(Galveston Island, 1972. All photos by Blair Pittman via The Atlantic.)
I love this series of photos from Texas in the 1970s that's up right now at The Atlantic's website. Part of it is that we just got back from a weekend getaway to Port Aransas, on the Gulf, which still looks amazingly like these 40-year-old shots of Galveston.
As a kid, sometimes I would ask my mom if I could have a certain toy or watch a TV show, and she would tell me, "No, it's tacky." She wasn't being snobby--she just thought that living a good, beautiful life meant surrounding yourself with good, beautiful things, and lots of the junk that kid-me wanted didn't qualify. My mom was a paradox (we all are) who also loved Coors Light and grew into a devoted NASCAR fan. But when it came to raising me, she emphasized cultivating the beautiful and a sense for the beautiful. And that meant that "the beach" for me growing up was a serene spot with white sand and blue water and no oil rigs on the horizon--we loved the beaches of the east coast, and we travelled to or aspired to travel to nicer beaches outside of the country.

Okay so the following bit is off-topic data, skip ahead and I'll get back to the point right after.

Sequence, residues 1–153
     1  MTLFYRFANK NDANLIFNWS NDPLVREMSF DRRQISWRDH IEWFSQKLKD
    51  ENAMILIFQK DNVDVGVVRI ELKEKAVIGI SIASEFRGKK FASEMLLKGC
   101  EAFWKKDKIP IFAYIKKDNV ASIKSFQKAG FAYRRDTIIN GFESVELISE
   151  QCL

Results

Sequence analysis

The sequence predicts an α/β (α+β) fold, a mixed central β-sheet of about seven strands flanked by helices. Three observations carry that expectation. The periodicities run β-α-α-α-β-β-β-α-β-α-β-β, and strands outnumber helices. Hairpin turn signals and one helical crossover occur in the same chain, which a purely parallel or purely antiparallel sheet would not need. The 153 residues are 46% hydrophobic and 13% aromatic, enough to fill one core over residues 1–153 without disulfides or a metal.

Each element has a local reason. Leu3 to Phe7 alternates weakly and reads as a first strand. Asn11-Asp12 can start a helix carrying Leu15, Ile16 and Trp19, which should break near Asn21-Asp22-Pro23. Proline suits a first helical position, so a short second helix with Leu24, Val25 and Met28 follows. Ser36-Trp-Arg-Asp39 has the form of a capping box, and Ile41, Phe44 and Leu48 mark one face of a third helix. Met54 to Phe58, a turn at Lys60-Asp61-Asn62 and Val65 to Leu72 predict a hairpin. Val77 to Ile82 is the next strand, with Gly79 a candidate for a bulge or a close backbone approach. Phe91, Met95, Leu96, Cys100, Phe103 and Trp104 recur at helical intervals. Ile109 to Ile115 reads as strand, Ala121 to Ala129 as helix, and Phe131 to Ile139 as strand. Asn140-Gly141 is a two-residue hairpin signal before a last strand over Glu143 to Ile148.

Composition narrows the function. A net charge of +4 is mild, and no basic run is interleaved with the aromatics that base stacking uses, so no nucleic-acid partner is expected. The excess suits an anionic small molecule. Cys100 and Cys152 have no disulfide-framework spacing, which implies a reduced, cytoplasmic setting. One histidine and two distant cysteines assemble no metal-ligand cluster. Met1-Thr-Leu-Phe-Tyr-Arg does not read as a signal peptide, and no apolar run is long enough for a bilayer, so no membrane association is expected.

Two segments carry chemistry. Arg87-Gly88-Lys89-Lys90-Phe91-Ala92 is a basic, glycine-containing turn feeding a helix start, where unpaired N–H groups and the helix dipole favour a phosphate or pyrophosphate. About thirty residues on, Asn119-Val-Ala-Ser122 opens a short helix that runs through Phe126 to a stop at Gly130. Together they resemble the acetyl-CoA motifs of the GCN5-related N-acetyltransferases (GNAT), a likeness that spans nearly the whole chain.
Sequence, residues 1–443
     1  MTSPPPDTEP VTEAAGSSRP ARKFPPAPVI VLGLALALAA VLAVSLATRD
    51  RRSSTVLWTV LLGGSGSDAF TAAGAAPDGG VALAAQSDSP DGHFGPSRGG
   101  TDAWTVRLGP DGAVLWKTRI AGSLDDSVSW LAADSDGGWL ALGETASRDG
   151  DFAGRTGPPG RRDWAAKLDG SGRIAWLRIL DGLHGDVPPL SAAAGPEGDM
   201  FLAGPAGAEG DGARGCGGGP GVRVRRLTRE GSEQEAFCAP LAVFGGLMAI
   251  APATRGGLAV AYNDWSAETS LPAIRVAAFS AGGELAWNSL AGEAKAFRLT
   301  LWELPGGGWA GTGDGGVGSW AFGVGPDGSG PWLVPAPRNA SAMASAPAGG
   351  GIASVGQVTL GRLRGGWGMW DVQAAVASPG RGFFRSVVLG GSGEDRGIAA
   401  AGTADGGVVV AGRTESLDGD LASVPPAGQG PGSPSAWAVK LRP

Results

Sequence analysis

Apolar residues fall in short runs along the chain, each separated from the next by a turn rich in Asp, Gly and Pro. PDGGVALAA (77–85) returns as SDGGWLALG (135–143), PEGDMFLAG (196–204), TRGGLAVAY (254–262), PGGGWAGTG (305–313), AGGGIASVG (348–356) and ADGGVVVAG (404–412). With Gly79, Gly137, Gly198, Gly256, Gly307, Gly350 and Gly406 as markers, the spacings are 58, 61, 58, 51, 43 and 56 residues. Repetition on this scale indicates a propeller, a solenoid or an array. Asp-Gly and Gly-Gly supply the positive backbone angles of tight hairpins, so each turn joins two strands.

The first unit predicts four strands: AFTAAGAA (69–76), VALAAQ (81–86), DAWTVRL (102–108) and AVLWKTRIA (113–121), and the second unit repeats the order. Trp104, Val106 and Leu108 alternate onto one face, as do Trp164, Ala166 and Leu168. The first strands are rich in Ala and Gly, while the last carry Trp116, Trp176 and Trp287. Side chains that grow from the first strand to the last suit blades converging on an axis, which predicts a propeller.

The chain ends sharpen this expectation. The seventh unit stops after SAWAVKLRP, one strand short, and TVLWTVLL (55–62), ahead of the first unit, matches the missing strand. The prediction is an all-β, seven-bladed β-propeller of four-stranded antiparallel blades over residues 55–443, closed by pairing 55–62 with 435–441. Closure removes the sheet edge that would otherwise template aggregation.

There's a certain level of tackiness to the beaches of the Texas Gulf, and the 1970s were America's tackiest decade. But there's also value in finding beauty in what you've got on hand, in what you can afford--a value my mom absolutely understood--and that's what you get from this series.